6.       Content goes both ways.

Just as we’re listening to social conversations to build broadcast segments, we’re also using broadcast assets to create content specifically for the digital audience. TODAY’s Flashback, Versus, and Parental Guidance are just a few of our successful online original video franchises we launched in 2014. Much more to come on that front in the next year!

7.       Consumers want social currency to “share and tell”

The traditional water cooler talk has become a thing of the past, replaced with trending and buzzworthy stories that consumers strictly want to “share and tell” as they socially navigate through the day.

8.       Embrace the second screen conversations

It’s become more important than ever to watch live TV with a second screen open and active.  Not only are we active on social during our own show, we also bring the TODAY perspective to conversations that grab our collective national attention like the Super Bowl and the Oscars. These viewing experiences have truly become communal and the live social commentary is where the content we air in the Orange Room the following day originates. TV is just the tip of the iceberg.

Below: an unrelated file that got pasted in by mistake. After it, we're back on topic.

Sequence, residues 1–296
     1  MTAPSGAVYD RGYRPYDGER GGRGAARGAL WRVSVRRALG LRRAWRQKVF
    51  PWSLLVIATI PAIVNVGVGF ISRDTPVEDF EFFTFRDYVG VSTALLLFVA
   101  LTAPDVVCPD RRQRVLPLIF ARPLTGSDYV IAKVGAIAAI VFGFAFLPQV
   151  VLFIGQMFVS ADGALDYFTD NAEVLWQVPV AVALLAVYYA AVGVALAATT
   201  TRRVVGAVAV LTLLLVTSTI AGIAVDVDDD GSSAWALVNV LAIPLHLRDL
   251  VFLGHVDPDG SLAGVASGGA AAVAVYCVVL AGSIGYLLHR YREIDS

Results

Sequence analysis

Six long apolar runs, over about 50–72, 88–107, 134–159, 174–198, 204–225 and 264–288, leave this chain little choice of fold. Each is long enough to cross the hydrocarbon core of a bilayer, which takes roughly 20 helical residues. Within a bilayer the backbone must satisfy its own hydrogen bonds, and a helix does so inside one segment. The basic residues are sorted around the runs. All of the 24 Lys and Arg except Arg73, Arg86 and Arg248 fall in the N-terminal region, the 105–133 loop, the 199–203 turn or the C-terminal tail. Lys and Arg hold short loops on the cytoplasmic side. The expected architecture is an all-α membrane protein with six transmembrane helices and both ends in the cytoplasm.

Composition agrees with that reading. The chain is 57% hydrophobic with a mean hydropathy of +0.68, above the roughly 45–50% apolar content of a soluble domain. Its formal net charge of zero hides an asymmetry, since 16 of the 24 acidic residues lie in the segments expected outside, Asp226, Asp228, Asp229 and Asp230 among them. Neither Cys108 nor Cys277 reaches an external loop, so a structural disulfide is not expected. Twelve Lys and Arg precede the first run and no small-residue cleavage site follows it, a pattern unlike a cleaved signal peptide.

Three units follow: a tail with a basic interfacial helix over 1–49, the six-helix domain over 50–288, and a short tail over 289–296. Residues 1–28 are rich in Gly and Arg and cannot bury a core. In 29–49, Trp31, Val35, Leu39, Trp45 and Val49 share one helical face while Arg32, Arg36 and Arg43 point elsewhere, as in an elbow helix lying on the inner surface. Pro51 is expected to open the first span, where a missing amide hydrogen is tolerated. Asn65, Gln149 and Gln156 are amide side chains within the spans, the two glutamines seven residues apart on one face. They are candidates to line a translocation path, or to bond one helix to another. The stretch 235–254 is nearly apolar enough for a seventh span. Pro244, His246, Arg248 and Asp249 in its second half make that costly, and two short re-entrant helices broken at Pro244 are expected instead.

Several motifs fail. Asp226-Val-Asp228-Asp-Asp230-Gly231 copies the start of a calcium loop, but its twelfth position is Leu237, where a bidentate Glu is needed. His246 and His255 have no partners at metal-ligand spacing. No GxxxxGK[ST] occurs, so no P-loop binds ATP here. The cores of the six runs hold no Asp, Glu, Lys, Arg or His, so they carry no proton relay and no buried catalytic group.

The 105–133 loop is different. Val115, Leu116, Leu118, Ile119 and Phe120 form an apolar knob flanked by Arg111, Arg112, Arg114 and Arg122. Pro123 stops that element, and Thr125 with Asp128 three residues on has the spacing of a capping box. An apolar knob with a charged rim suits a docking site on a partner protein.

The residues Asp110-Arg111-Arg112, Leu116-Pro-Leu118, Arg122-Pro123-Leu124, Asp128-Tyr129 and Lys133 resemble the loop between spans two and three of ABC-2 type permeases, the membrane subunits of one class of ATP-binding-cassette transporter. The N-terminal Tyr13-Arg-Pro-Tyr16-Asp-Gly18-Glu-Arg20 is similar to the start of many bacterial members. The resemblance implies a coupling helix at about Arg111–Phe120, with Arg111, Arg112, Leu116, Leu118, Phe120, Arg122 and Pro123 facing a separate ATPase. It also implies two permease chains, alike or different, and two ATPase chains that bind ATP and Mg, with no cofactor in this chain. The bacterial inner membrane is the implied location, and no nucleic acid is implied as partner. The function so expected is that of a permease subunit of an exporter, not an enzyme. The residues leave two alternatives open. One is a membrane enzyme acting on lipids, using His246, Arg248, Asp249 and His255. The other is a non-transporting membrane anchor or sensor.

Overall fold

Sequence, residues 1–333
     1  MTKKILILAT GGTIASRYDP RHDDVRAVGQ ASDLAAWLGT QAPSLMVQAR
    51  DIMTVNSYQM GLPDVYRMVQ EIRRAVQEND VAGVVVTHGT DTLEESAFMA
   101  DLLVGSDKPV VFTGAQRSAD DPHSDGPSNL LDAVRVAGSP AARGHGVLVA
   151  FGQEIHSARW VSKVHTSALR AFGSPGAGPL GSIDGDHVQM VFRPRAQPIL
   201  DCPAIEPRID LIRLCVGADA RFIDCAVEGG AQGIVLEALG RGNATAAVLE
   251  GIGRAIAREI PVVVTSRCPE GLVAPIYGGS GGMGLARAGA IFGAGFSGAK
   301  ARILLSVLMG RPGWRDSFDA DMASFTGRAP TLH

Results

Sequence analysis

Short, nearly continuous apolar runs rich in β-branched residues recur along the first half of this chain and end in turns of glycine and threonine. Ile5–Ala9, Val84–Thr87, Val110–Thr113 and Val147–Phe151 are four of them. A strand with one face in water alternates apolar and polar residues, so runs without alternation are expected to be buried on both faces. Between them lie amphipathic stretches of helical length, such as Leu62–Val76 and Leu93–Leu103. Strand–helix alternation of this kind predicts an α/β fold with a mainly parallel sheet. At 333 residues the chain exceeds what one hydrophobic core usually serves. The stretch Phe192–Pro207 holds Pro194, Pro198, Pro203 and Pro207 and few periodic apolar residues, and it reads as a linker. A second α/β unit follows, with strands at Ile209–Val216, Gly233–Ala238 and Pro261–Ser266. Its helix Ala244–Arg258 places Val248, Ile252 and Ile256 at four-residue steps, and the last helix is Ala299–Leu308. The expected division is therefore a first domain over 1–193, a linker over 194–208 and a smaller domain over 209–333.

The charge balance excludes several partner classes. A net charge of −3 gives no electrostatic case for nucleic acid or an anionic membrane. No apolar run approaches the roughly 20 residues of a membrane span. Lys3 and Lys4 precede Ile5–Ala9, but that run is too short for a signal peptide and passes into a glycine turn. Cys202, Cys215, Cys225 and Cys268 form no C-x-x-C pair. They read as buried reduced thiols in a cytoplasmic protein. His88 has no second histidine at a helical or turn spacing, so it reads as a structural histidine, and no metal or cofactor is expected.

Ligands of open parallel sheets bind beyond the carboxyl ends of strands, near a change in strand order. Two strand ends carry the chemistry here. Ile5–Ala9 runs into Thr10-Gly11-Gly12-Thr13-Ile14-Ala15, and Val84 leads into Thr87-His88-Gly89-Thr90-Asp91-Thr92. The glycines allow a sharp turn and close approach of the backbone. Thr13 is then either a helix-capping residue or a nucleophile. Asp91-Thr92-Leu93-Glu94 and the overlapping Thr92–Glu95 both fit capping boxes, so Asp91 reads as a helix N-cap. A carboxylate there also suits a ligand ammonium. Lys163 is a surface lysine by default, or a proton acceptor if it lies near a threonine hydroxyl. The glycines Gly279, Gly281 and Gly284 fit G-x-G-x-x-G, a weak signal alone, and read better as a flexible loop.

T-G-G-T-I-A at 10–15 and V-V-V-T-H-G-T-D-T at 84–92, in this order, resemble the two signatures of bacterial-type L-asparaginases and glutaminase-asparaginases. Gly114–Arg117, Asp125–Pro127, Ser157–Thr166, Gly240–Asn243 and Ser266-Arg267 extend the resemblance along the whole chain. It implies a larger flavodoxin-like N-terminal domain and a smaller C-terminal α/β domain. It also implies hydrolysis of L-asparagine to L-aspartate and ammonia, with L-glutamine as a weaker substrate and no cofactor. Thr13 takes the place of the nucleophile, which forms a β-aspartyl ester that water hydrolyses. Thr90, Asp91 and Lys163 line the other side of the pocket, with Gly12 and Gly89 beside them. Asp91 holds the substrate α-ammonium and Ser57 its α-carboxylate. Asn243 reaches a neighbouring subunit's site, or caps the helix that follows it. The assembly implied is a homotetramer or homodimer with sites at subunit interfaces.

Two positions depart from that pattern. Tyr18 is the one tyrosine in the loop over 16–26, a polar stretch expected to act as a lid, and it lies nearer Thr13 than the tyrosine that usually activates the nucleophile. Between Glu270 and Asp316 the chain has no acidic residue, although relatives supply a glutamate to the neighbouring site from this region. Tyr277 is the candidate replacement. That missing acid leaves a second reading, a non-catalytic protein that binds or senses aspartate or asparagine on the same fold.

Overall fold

9.       This is just the beginning

I believe the next frontier for social television is video, video, video! Expect to see a big push in this space as brands produce more and more original video solely for digital purposes, and this video makes its way onto the broadcast with more frequency. Also anticipate we’ll see television programs encouraging viewers to create and share their own video for TV purposes as well. UGC should grow beyond just photos and text in the new year as technology makes it easier to share and more people become proficient with creating their own video.